Every programming language allows you to do arithmetic operations, and Python is no exception. Every basic calculation is written intuitively:
the + sign denotes addition,
the - sign denotes subtraction,
the * sign denotes multiplication,
the / sign denotes division.
The above signs are called operators. Their use is very intuitive:
# We define a variable in which we store the current year actual_year = 2018 # We define a variable in which we store the year of release # of the first version of Python python_year_of_birth = 1991 # And here we calculate how old Python already is # To do that, we'll use the operator - (minus) python_age = actual_year - python_year_of_birth # What's the use of data if we can't read them? print("Python is", "python_age", "years old.")
# What will happen? my_variable = 100 / "dear!"
After running the program we will get the following error:
Traceback (most recent call last): File "<stdin>", line 1, in <module> TypeError: unsupported operand type(s) for /: 'int' and 'str
What happened here?
Python tried to divide the number 100 by the string "dear!". Is it possible to calculate it? Of course not! So an error was reported. Read the error message carefully, namely its last line. It means that Python cannot use the division operator for int and str data.
A very interesting operator, available to the programmer is the operator %, or modulo. This is the remainder of a division. So if we divide 16 by 5, according to the rules of arithmetic, we get the result of 4 and remainder 1. In Python we can write this operation as follows:
# Calculating the modulo, which means dividing with remainder my_val = 16 % 5 print(my_val)
The program will display the number 1 on the screen.
Increasing the value of a variable
Imagine you're writing a computer game. When you shoot down an enemy ship in it, you get 100 points. This means that the number 100 should be added to your current score. How do I do this? It's very simple:
# Define a score score = 0 # Add 100 points to your current score. score = score + 100 # score is the name of the variable, # In which we store the score of the game print(score)
See example: increasing the value of a variable
Such notation means that the score variable is based on the current value of the score variable and 100 is added to it.
The same result can be achieved by using a shortened notation:
score += 100
It works the same way as the previous example. The += operator is the so-called increment operator. In addition to the increment operator, there is also the decrement operator -=, which subtracts a value from the current value of the variable.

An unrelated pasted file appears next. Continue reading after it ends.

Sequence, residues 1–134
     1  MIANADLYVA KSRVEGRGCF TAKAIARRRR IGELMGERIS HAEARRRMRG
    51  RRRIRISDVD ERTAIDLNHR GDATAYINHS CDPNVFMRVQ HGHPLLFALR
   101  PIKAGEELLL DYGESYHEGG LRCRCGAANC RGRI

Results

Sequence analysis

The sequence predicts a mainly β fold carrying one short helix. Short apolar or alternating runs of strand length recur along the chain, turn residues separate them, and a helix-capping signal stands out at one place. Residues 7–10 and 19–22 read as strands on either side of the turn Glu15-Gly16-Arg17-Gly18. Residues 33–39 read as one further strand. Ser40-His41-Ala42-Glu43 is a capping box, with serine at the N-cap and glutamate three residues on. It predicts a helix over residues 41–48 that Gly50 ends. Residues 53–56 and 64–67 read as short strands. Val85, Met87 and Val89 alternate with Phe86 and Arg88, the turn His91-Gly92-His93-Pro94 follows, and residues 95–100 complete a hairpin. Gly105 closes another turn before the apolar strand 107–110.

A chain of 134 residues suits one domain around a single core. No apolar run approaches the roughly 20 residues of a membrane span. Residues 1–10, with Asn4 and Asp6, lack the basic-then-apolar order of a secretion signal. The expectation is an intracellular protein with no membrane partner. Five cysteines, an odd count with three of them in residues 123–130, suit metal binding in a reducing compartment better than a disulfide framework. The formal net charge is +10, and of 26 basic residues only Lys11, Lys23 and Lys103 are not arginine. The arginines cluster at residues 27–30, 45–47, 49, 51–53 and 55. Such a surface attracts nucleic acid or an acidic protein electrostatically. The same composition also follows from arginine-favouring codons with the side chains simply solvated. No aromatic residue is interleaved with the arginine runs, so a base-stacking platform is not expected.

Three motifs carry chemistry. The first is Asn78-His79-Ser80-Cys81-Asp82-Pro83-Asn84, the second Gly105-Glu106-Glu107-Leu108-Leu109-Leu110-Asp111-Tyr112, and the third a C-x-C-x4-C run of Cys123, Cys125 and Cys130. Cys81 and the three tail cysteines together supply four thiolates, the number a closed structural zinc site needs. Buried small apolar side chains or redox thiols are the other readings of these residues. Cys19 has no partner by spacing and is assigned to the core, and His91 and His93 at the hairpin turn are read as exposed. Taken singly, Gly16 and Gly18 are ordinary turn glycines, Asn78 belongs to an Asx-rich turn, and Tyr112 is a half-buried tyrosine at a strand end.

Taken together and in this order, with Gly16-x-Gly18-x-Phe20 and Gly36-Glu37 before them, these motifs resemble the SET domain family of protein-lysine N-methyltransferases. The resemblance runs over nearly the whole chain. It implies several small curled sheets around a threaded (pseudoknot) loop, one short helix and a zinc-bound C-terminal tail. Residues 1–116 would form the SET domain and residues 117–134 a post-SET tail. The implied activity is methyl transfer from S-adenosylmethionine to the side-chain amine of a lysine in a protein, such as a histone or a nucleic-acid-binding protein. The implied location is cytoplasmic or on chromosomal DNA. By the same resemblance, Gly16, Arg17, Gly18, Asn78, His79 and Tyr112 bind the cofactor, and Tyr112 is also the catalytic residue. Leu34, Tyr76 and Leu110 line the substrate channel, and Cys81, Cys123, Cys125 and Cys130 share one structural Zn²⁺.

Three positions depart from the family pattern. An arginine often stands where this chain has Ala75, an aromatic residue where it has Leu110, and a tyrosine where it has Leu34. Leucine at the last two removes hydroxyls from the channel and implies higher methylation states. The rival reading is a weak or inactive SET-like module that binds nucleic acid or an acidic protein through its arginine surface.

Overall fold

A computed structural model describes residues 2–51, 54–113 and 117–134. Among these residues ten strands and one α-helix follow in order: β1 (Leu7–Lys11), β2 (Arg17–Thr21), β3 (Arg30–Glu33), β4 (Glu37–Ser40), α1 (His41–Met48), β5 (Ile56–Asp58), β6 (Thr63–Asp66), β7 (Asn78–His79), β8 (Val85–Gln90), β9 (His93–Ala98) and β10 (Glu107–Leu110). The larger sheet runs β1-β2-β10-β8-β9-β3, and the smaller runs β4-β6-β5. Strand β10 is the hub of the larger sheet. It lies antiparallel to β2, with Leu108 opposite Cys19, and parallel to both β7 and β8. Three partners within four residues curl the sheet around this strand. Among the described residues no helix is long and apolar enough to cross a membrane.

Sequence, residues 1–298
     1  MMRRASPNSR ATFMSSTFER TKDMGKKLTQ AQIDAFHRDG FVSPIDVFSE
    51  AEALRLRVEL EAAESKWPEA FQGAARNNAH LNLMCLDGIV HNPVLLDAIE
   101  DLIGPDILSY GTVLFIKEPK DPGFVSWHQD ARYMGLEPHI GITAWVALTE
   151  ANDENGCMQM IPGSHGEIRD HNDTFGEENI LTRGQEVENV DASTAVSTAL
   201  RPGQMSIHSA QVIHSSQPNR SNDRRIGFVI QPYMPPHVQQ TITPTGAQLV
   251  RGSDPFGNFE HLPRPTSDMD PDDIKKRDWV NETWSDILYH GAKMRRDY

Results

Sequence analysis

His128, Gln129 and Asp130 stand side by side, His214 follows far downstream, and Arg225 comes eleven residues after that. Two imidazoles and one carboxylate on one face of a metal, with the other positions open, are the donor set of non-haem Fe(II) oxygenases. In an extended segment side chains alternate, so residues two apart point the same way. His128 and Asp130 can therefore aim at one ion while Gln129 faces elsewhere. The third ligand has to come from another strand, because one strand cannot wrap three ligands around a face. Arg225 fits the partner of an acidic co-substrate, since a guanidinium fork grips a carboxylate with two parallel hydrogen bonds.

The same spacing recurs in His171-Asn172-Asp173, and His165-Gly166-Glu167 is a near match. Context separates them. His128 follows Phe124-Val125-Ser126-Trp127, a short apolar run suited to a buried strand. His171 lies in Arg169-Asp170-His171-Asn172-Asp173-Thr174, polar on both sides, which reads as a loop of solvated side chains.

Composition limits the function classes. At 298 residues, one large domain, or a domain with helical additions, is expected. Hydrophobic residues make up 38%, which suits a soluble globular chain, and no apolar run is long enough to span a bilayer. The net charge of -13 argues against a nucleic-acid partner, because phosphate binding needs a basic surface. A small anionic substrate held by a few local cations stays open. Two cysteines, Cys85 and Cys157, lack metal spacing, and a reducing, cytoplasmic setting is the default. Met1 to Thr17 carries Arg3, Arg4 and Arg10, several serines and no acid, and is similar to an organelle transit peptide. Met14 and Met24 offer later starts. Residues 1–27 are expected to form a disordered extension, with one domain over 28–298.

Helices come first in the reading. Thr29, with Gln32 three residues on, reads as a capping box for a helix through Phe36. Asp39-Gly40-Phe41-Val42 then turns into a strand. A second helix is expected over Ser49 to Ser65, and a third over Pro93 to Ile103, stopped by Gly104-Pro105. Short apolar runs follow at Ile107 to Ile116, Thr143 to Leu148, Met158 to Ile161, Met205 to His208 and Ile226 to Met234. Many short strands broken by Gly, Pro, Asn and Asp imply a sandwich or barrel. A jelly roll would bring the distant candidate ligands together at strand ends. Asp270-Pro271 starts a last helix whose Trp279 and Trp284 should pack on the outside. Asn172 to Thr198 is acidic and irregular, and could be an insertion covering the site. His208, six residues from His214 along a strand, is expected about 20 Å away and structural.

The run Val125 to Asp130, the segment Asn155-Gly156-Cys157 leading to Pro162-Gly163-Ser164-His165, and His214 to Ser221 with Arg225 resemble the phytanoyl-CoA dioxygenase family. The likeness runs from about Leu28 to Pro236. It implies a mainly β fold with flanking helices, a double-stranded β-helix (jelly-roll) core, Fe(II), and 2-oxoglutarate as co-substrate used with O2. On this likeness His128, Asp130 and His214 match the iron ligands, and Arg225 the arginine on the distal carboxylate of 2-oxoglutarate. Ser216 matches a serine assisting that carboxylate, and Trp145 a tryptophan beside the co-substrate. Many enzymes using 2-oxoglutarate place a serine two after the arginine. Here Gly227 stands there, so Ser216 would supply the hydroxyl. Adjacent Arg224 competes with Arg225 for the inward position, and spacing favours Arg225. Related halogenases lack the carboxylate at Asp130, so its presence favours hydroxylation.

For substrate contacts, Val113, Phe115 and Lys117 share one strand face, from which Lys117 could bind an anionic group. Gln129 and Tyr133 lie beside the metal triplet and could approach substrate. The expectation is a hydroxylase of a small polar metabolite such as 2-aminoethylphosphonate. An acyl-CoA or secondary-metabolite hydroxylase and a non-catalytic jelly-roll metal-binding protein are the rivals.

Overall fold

What does your intuition tell you? Is it possible to add strings to one another? What happens when you add "Wars" to "Star"?
title = "Star" + "Wars" print(title)
# at your own risk! ;-) spell = "Bloody Mary " * 3 print(spell)
The computer supports logical operations, i.e. actions that result in a True or False value.
Look at the previous chapter: we defined the product and its net price, saving them in the variables product and net_price respectively. Now calculate the gross price of the product at a VAT rate of 23% (or 0.23). Save the result in the gross_price variable. Then, using the print instruction, display the full product information: name, net and gross price.
Look at the code. You will find the following variables there:
in_left_hand_i_have_a_pen = False
in_left_hand_i_have_a_phone = True
in_right_hand_i_have_a_mug = True
in_right_hand_i_have_a_spoon = False
Then make appropriate logical operations and save their results to variables, then display the results on the screen:
I have a pen in my left hand and a cup in my right hand.
I have a cup in my right hand or a spoon in my right hand.
I don't have a phone in my left hand.
Go to task 2: Task 2
See solution: solution to task 2
Declare a numeric variable, give it any value that is a natural number. Then check if the number is even: if the result of dividing it modulo 2 is 0 - it is even, if 1 - it is not. Display a message that will contain a description of the operation: "<number> % 2 = <result>"
Go to task three: Task 3
See solution: Solution to Task 3